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Domestic Violence (cont.)

Risk Factors for Domestic Violence

A number of studies have looked into identifying individuals who are most at risk for domestic violence. The most common feature is an imbalance of power and control. However, neither those who experience domestic violence nor the partners who abuse them fall into distinct categories. They can be of any age, ethnicity, income level, or level of education. The following are examples of situations that are common among people who experience domestic violence. It is important to understand that anyone can be abused.

  • Individuals at risk:
    • Planning to leave or has recently left an abusive relationship
    • Previously in an abusive relationship
    • Poverty or poor living situations
    • Unemployed
    • Physical or mental disability
    • Recently separated or divorced
    • Isolated socially from family and friends
    • Abused as a child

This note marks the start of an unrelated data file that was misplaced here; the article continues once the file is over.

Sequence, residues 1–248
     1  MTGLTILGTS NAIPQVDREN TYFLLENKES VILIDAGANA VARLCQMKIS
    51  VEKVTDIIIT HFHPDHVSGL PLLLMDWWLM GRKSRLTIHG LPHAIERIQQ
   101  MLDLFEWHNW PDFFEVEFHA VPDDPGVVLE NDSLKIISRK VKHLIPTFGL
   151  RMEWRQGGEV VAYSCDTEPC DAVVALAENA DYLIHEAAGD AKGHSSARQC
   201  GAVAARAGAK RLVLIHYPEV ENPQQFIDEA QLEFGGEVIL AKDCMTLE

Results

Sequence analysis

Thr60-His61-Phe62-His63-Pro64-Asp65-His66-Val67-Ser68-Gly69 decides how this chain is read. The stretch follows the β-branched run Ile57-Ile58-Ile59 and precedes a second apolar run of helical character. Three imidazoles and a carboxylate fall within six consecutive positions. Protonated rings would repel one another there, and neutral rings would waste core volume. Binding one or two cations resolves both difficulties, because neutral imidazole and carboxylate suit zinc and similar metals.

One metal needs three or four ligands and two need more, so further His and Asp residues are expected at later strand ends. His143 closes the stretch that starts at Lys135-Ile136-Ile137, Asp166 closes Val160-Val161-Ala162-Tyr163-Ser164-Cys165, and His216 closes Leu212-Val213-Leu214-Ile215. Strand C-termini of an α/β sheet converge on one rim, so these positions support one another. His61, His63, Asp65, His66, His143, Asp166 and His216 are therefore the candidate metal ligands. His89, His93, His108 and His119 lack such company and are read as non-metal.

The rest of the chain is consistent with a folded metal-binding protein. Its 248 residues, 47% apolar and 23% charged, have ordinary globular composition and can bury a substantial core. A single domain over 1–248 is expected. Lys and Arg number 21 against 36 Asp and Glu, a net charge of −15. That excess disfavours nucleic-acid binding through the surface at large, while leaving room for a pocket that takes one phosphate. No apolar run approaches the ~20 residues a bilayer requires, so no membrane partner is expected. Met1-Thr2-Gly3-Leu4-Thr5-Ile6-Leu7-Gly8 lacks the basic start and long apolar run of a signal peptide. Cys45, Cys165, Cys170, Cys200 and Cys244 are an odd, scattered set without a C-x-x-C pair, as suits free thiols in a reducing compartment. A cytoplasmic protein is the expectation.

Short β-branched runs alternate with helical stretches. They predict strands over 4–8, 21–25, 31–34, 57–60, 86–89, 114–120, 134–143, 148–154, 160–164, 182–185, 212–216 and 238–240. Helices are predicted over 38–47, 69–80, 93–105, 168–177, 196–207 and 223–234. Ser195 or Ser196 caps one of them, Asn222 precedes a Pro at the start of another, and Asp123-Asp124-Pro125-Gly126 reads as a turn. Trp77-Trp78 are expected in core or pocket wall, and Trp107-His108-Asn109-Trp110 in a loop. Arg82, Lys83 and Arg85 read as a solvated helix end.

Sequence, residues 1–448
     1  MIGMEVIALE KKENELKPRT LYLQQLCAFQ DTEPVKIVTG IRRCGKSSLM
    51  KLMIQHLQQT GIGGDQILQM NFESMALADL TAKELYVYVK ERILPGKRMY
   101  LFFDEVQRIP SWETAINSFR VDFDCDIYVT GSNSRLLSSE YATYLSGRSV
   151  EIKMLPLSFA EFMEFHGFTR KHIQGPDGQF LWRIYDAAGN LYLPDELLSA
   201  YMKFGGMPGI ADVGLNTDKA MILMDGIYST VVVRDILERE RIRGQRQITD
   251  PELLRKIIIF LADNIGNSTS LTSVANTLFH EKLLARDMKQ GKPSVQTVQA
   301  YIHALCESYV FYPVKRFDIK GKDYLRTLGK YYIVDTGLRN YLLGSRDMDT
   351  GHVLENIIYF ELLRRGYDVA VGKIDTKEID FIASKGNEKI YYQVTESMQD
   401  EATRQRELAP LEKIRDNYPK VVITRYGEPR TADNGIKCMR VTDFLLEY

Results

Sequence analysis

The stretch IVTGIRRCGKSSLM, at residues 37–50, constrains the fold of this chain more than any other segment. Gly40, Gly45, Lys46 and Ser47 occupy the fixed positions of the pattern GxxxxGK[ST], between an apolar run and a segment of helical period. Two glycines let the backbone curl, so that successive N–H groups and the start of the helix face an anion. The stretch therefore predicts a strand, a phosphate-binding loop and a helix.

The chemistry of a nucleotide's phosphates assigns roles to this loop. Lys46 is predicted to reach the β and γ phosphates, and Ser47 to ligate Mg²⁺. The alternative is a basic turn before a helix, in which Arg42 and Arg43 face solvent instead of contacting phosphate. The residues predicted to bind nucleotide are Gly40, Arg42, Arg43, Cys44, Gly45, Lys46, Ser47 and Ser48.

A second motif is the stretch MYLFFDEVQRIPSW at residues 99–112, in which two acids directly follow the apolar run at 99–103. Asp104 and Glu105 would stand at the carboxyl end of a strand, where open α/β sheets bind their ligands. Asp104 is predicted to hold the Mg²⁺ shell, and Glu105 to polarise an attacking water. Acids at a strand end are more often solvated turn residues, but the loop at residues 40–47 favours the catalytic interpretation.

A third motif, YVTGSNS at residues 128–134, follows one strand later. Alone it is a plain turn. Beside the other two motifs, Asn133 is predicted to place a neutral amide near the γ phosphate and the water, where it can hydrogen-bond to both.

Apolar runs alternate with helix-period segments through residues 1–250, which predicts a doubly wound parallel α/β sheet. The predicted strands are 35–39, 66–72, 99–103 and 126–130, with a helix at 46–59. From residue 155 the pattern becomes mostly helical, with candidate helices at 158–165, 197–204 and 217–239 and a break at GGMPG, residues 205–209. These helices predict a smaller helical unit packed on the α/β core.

• Witnessed domestic violence as a child
    • Pregnancy, especially if unplanned
    • Younger than 30 years
    • Stalked by a partner

Although the abusers also share some common characteristics, it is important to note that abusers choose violence to get what they want in a relationship. Risk factors may point to an increased likelihood of violence in a relationship, but the person is not destined to become violent because of the presence of certain risk factors. Nor is the violence justifiable because it happened while the abuser was in a blind rage that he or she was powerless to control. The following factors may indicate an increased likelihood that a person may choose violence:

  • Abuser risk factors:
    • Abuses alcohol or drugs
    • Witnessed abuse as a child
    • Was a victim of abuse as a child
    • Abused former partners
    • Unemployed or underemployed
    • Abuses pets
Medically Reviewed by a Doctor on 6/20/2014

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